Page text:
The issue of social mobility has proved itself a continual challenge for those working in international development. New research has given policy makers and the poor an unlikely resource in their fight against poverty. Indeed, a recent article in The Economist shows that hope, or lack thereof, plays a major role in the poverty trap.
Development economists have long included the poverty trap in their understanding of the poor. A poverty trap is, simply put, a “self-reinforcing mechanism” which limits the ability of poor individuals to escape poverty, according to a World Bank publication. The publication goes on to identify insufficient capital and technological under-development as two mechanisms working to ensnare the poor in a perpetual cycle of poverty. The work of researchers Eldar Shafir, Esther Duflo, and others, however, is expanding the definition of a poverty trap beyond economic mechanisms to include psychological mechanisms as well.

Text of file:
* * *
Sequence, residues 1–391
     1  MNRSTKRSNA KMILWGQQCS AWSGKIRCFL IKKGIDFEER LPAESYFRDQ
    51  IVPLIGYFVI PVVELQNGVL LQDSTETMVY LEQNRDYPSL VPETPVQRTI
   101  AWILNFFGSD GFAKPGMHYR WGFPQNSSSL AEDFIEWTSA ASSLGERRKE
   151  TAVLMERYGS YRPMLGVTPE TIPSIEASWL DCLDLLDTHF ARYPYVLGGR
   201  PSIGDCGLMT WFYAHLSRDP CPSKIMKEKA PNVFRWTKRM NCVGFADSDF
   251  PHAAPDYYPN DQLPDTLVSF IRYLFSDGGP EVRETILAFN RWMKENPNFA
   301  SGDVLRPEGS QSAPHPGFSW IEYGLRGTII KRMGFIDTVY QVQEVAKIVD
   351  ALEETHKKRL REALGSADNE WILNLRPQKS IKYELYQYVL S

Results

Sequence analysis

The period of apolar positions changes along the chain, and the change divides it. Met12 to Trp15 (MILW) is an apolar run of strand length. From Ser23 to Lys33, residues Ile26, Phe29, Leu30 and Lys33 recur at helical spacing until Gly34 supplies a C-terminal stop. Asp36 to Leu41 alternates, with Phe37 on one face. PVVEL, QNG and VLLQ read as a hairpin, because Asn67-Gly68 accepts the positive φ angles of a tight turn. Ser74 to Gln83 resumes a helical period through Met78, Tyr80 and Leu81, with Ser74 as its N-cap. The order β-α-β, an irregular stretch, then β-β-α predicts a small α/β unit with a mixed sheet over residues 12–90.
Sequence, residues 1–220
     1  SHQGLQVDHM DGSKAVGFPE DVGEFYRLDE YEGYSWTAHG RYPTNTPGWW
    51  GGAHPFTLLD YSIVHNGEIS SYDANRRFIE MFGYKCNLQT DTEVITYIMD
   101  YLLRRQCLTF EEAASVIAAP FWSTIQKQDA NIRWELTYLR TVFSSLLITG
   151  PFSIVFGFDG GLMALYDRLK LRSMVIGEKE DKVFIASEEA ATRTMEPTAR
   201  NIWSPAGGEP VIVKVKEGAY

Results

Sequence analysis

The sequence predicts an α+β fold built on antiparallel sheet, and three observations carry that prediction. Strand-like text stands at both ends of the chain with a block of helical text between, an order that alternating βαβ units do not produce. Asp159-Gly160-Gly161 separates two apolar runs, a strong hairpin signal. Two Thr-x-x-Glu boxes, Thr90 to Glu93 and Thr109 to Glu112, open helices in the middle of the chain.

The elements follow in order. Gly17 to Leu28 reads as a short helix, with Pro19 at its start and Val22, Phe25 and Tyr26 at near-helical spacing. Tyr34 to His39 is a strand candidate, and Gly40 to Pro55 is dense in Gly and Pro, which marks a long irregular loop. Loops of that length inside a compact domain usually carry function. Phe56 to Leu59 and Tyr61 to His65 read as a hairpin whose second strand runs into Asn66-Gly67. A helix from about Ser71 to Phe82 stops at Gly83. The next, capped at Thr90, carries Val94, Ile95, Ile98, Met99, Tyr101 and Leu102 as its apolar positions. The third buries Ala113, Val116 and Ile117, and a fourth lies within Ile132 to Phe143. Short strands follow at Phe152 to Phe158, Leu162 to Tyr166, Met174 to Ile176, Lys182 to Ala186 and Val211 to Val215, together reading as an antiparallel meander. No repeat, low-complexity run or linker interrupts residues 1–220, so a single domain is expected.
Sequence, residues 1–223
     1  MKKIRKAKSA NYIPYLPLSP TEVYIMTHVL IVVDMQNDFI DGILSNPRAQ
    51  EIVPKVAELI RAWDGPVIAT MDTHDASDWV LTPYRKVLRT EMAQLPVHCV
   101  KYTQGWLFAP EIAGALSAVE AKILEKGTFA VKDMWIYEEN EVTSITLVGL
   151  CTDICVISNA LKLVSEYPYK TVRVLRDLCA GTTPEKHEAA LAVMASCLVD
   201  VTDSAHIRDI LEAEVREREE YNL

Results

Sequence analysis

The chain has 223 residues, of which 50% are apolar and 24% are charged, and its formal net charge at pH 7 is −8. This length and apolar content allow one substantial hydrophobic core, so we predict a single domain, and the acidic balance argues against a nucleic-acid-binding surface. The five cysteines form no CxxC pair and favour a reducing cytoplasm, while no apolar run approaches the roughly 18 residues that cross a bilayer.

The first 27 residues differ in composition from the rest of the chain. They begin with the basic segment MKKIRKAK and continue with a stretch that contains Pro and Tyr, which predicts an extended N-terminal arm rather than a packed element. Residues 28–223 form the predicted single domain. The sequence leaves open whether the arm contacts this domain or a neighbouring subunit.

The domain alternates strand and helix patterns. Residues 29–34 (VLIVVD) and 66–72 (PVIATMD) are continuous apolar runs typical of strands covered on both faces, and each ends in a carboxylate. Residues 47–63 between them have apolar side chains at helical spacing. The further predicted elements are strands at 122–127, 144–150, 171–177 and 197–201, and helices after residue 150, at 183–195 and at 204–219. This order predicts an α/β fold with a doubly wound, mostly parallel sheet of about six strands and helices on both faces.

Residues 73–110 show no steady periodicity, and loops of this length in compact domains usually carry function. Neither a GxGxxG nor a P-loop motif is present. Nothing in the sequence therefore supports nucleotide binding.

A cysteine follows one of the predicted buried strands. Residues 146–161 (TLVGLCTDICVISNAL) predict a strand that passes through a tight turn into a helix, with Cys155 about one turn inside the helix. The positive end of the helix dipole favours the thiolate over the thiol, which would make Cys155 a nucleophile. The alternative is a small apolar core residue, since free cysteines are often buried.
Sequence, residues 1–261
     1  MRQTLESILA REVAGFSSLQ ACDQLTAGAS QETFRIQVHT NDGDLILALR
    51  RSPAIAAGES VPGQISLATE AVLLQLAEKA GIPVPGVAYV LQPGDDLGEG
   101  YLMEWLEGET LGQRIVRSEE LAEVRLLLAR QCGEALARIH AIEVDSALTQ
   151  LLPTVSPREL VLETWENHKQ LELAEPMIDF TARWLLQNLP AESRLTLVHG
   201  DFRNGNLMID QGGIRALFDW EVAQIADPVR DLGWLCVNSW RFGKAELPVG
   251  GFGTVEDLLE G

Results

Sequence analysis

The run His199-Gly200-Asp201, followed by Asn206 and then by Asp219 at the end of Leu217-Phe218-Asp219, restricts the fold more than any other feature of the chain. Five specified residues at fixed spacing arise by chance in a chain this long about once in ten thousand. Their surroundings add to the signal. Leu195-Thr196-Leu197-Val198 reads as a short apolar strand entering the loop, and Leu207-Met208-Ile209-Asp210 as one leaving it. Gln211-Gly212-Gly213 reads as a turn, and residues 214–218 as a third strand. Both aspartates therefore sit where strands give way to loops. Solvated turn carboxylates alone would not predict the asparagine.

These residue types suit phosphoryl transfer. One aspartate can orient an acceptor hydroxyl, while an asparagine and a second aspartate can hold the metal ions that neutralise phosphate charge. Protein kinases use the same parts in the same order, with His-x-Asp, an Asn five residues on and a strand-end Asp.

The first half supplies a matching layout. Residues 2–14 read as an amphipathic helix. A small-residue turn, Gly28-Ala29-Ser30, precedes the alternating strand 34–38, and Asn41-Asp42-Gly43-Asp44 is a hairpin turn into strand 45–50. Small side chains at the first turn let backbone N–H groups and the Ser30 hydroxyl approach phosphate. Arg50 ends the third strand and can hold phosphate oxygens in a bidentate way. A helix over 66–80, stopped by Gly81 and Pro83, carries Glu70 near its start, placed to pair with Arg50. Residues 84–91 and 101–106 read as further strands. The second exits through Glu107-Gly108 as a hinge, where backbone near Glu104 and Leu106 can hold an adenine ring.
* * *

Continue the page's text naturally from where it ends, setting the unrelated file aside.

The link between depression and poverty is well documented. A STAR-D study identifies low income as one of many factors related to higher risk of chronic depression. A Journal of Health and Social Behavior article complements these findings, suggesting that depression can lead to or “transmit” poverty, contributing to the inescapable cycle. Continue reading